I've watched the trees closely as long as I can remember and along the way befriended a forest of favorites. There was the generous flowering plum in the front yard on Stratford Drive that blossomed in April, and by July was laden with shiny little plums. I would shimmy up the trunk, balance on a thick branch, and pluck and eat the tart fruit until my stomach groaned.
Through thirty summers at Lake Tahoe, I measured the growth of a Ponderosa pine sapling I discovered as a toddler growing next to the redwood deck. By the time I vacationed with my own children at our summer house, that courageous tree was taller than the roofline and was my father’s gauge for whether or not he could take his grandchildren out on the lake for a boat ride. If the tip-top of the pine was still, needles steady, catching the sunlight, we knew the lake was calm. But if the crown was swaying, Papa called off the trip. He knew the white capped waves would toss and bump his little fishing boat and make it difficult to navigate through the rocky cove.
But my favorite was the weeping cherry tree I called Pom-Pom that showered me with petal confetti as I lay daydreaming on the lawn. I loved to watch a pair of robins add one thin twig, a piece of torn newspaper, another bird's lost feather, to their nest in the crook of that happy tree. I passed many long spring Saturdays staring through the wizened branches at the blue sky and passing clouds.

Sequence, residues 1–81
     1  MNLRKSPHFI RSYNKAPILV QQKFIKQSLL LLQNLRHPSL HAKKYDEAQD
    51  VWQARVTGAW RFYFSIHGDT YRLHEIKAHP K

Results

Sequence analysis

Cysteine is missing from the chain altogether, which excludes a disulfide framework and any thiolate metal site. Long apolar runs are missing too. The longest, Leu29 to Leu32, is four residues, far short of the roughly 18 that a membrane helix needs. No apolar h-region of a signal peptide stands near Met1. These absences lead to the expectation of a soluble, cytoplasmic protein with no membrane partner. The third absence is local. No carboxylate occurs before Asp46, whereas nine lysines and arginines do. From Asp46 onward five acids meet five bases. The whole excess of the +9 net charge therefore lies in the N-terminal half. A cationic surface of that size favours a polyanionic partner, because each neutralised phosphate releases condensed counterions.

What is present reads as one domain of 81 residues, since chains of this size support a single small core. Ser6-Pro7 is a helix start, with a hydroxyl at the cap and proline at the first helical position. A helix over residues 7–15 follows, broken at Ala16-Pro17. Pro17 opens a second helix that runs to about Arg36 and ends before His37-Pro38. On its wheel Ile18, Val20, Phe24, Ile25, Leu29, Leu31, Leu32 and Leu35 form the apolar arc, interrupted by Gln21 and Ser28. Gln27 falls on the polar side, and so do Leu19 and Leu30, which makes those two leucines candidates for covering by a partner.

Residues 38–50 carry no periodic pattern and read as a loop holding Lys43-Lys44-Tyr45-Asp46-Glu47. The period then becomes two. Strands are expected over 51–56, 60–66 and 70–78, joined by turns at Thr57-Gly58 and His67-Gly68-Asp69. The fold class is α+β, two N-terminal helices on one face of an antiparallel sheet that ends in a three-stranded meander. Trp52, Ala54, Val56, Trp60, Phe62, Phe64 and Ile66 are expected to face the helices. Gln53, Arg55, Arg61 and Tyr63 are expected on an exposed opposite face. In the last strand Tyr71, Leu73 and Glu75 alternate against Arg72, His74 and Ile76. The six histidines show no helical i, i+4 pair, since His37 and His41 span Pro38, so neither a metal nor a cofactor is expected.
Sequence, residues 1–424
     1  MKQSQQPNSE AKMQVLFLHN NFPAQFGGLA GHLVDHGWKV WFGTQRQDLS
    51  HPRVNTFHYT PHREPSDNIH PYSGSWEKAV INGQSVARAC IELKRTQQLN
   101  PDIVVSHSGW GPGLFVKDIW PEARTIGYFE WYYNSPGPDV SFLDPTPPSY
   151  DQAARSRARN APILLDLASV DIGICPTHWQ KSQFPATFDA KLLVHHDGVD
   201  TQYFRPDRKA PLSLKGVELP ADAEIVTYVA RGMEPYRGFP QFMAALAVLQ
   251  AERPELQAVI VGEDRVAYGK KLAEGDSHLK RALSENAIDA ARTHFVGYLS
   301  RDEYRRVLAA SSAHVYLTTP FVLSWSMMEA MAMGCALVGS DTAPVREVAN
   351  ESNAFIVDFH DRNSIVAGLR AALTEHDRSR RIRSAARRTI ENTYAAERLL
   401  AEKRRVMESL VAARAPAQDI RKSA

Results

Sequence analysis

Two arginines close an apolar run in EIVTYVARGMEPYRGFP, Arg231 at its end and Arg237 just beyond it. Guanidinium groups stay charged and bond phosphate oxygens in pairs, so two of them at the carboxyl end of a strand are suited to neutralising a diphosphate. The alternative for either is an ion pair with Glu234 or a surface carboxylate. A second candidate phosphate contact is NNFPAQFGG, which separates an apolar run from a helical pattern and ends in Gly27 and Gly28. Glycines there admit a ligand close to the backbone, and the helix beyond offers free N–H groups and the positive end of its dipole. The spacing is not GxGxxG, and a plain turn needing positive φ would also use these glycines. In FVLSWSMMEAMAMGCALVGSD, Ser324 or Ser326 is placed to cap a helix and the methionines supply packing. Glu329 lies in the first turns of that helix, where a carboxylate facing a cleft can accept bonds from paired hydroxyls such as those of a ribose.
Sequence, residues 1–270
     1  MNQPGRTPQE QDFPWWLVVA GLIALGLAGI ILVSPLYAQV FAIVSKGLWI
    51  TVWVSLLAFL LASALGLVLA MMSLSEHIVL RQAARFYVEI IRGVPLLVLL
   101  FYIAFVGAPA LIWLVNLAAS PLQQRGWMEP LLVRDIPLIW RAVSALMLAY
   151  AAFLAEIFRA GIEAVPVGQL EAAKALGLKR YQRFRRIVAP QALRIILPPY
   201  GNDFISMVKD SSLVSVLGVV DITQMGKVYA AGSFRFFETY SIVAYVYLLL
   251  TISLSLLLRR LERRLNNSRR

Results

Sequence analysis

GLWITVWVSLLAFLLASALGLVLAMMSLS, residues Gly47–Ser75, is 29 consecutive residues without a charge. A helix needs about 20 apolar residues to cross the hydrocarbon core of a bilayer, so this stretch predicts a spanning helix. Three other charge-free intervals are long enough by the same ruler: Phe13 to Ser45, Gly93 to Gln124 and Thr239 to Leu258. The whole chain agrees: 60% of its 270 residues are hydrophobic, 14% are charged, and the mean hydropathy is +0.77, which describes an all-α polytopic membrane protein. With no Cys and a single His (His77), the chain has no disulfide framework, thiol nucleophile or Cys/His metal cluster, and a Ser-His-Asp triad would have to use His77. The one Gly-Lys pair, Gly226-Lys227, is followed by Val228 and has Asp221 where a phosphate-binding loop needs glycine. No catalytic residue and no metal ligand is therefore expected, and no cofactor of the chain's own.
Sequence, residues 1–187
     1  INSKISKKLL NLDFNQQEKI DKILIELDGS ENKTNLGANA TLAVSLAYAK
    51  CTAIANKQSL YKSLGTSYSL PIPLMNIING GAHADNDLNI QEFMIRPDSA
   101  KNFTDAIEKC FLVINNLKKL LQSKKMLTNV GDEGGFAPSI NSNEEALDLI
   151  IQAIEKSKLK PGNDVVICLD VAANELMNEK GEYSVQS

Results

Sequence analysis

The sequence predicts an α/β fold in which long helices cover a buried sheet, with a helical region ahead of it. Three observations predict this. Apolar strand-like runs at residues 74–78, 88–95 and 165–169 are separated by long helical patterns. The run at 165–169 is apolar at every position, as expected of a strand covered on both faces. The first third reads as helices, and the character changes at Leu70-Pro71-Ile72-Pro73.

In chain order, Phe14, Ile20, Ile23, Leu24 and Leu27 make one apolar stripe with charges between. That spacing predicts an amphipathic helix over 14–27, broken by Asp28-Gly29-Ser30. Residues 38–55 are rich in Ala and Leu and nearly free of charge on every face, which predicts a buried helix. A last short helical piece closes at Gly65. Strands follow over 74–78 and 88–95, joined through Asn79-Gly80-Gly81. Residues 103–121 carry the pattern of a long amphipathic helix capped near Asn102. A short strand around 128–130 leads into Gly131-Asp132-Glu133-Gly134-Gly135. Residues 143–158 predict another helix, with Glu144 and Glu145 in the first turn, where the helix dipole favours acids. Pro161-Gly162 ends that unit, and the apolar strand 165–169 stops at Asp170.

I wrote my first book under Pom-Pom and vowed one day to publish a thank you poem for my treasured trees. I wanted to show my appreciation for the gifts of courage and hope that trees give to the world—beginning life as a curious seed, growing willfully up through the dark soil, branches reaching skyward anticipating the sun and rain, then later kneeling down to nourish earth with its crunchy, golden leaves. And beginning all over again.
Causes Andrea Gosline Supports
Friends of the Urban Forest, Greenpeace, Roots and Shoots